Portrait of Britain’s first black army officer drawn in sand on Ayr beach

A sand drawing on Ayr Beach of Second Lieutenant Walter Tull, who was Britain's second black professional footballer who had signed up with Rangers, and the first black officer in the British Army. Picture: SWNS
A sand drawing on Ayr Beach of Second Lieutenant Walter Tull, who was Britain's second black professional footballer who had signed up with Rangers, and the first black officer in the British Army. Picture: SWNS
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This magnificent sand portrait of Britain’s first ever black army officer to command white troops has appeared on Ayr Beach in Scotland.

The haunting drawing of Second Lieutenant Walter Tull is spread across the Scottish sands is part of a remembrance project by film director Danny Boyle.

An organisation known 14-18 NOW teamed up with with arts groups to remember the casualties of WW1 and remind people of the sacrifices that were made.

The Pages of the Sea project led by Slumdog Millionaire director Boyle has seen beach portraits appear across 32 beaches in the UK.

READ MORE: Communities across Scotland mark 100 years since First World War armistice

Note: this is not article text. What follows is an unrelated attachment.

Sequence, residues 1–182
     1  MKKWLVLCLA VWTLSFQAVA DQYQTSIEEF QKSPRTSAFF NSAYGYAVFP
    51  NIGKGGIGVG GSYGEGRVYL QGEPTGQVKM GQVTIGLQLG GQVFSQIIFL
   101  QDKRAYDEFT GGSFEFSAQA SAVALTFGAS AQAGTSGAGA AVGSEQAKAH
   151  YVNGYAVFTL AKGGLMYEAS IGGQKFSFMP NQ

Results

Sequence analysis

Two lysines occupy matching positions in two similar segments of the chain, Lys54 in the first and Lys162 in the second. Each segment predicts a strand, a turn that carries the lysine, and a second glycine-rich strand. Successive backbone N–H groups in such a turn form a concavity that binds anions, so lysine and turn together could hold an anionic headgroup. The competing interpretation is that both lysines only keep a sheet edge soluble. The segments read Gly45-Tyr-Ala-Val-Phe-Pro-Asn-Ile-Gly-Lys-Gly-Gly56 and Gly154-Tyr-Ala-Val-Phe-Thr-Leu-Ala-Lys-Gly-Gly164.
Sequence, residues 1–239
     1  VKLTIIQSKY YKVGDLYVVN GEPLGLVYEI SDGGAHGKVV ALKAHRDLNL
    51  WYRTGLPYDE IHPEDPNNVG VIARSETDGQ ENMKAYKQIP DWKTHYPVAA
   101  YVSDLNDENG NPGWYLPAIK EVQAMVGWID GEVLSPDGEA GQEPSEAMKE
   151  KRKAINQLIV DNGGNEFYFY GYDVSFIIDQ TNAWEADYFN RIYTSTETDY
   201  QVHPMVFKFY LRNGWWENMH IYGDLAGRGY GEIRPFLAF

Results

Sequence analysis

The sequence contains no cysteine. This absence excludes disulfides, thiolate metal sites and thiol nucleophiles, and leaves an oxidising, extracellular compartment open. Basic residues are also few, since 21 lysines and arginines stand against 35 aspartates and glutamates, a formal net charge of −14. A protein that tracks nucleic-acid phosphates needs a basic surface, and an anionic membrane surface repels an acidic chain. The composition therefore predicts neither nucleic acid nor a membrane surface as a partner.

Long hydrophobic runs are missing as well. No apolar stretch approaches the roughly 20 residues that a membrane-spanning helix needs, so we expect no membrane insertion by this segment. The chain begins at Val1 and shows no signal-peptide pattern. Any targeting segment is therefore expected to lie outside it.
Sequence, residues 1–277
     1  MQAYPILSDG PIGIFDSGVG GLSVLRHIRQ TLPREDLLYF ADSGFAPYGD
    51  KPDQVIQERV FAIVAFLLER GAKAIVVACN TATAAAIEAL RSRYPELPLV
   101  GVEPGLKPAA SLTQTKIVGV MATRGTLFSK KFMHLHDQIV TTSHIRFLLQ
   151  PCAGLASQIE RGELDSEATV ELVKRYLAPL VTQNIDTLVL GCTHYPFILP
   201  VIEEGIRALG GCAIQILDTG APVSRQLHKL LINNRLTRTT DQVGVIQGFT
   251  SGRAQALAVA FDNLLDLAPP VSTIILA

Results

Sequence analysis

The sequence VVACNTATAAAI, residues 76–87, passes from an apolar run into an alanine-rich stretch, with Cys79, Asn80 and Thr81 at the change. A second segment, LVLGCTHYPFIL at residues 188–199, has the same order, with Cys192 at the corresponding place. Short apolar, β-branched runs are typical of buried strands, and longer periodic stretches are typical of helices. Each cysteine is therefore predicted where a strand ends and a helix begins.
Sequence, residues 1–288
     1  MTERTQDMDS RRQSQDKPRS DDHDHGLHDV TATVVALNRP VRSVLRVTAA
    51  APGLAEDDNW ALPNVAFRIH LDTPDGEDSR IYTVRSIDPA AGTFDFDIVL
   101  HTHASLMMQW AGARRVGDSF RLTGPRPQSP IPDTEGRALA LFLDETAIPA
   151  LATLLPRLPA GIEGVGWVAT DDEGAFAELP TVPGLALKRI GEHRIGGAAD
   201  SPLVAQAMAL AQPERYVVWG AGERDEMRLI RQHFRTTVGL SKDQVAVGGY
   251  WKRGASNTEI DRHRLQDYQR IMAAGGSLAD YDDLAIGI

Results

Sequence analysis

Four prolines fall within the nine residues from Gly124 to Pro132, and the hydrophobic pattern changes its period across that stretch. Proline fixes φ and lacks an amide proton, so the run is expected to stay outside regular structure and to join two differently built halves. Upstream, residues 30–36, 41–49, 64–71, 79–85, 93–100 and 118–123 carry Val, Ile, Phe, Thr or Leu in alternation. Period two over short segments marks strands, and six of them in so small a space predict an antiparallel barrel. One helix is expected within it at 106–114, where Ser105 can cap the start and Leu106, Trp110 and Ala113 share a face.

The large-scale portrait of of the fallen soldiers has drawn in the sand at each location and will be washed away as the tide comes in.

Walter Tull, who was also Britain’s second ever black professional footballer was killed in battle in March 1918.

Although troops attempted to find his body after seeing him shot down in France, his body was never located.

Jackie Wylie, Artistic Director and Chief Executive of National Theatre of Scotland, said: “The First World War had a devastating impact on Scotland, with tens of thousands of young lives lost and many more forever altered.

“Our nation has an enduring and emotive connection to the sea and our beautiful coastline has seen many come and go throughout history.

“Pages of the Sea will create an artistic tribute, both personal and communal, through art, words, pictures and stories, acknowledging all those who left our shores during WW1.”